The Don Dale Youth Detention Centre scandal may never have occurred if Northern Territory youth prisons had better independent scrutiny, an inquiry has heard.
Western Australia's Inspector of Custodial Services Professor Neil Morgan conducts reviews into prisons, reports to parliament and regularly briefs ministers.
He says an oversight agency with strong powers in the NT would ensure guards are more conscious of their behaviour with the knowledge it will be scrutinised by an external third party.
"Governments and the parliament would have been put clearly on notice of systemic issues and funding problems. They would not have been 'in the dark', or able to claim that they were," he wrote in a statement tendered to the NT juvenile justice royal commission.
"It is less likely that the worse (sic) failings at Don Dale would have happened."
The inquiry was called last year after footage of young offenders being tear gassed, spit-hooded and shackled at the notorious youth facility was aired on national television.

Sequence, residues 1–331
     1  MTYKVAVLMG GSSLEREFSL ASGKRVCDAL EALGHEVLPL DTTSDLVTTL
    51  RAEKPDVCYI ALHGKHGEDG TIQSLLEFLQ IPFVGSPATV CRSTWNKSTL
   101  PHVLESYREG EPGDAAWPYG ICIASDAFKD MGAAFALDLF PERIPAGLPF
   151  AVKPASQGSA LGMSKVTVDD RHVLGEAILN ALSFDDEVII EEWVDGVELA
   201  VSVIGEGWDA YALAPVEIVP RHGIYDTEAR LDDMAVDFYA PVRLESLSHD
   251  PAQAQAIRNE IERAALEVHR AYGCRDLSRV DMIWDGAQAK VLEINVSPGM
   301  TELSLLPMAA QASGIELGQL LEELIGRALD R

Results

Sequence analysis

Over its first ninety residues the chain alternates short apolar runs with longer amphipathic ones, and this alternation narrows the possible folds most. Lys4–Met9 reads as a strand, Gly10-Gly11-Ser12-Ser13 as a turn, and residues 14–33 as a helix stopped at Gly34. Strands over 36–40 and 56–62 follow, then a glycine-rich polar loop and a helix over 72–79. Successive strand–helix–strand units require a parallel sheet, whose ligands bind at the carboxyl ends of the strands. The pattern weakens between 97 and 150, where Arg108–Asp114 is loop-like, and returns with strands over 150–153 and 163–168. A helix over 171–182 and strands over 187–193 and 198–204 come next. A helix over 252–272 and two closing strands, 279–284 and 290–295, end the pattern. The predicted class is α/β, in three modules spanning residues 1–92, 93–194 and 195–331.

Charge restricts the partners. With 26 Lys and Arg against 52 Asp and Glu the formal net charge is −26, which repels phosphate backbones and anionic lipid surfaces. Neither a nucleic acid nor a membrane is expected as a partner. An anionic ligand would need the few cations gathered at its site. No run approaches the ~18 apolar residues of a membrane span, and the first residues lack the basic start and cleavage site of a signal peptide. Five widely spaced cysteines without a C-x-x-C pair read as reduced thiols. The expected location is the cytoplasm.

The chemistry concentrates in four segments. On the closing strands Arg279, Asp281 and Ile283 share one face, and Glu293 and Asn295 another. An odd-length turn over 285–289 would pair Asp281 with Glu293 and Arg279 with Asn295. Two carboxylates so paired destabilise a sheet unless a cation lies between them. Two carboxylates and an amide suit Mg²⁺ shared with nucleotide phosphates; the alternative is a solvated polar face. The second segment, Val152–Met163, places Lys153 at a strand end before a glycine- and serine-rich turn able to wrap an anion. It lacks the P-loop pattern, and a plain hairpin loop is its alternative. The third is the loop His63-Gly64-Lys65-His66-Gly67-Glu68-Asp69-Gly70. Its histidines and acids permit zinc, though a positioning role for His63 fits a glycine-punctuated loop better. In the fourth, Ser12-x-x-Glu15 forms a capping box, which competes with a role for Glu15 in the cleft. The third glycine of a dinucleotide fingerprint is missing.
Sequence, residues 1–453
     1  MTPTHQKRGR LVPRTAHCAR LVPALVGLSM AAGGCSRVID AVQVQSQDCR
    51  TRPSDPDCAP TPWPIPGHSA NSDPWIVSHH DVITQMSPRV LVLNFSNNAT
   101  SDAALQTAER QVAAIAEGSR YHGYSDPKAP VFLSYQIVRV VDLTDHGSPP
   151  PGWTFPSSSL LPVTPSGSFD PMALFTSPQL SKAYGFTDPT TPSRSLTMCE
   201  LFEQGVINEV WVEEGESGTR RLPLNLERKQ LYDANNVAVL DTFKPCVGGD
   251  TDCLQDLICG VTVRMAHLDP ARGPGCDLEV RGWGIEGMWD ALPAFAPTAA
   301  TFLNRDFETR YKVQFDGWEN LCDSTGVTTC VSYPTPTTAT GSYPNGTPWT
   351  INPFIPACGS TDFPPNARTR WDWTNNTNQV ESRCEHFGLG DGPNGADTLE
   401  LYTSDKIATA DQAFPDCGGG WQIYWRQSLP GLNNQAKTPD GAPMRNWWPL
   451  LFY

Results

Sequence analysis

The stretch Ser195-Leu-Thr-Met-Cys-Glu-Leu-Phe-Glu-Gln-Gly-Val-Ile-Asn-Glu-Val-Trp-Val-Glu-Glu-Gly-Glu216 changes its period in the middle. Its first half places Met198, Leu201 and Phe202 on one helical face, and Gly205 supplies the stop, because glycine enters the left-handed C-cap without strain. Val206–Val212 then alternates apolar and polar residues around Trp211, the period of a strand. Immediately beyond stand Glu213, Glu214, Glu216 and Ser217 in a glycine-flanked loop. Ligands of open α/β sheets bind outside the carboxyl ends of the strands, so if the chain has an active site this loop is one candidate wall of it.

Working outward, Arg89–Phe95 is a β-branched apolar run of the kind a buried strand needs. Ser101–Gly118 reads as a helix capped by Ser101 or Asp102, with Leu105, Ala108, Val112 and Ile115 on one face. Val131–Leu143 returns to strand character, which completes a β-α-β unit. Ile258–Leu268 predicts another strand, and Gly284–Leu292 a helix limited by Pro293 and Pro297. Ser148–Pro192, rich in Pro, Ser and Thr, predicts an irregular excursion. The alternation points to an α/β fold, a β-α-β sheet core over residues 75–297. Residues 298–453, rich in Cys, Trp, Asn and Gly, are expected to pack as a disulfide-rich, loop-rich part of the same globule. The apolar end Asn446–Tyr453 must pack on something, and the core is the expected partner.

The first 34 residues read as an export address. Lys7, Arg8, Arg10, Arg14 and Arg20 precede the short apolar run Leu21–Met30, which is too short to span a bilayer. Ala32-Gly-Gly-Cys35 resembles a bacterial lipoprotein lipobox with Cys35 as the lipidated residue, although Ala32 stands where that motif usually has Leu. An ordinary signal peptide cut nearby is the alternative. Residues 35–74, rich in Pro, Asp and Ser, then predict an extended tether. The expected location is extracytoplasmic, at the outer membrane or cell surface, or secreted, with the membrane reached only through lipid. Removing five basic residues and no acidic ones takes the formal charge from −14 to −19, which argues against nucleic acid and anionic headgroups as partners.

If such an inspectorate body existed, allegations of abuse by guards would have come to light sooner, Prof Morgan said.
The inspector would also help the Corrections Commissioner in advocating for more funding to tackle poor culture in the system.
Prof Morgan also advocated a more diverse range of residential options for detaining children, including minimum security and work camps.
"Lower-security pre-release facilities should be used to help sentenced children develop skills and return to the community," he said.
"Alternative placements should also be found for children on remand."
He said the government needs to focus on retaining and developing Aboriginal youth prison staff to address a lack of cultural awareness, while greater use of technologies like Skype could allow kids to stay connected to their communities.
Prof Morgan suggested housing older female detainees with young adult prisoners, as they otherwise lack the "critical mass" to receive adequate services.
He gave repeated warnings to the WA government in the lead up to the 2013
Banksia Hill juvenile detention centre riot when 60 inmates escaped their cells and caused $1.5 million worth of damage.
"The behaviour management techniques used in juvenile detention facilities need to be adapted for children and not replicas of what is used for adults," Prof Morgan said.
"If they are not treated fairly and consistently, and given meaningful things to do, then they are likely to misbehave."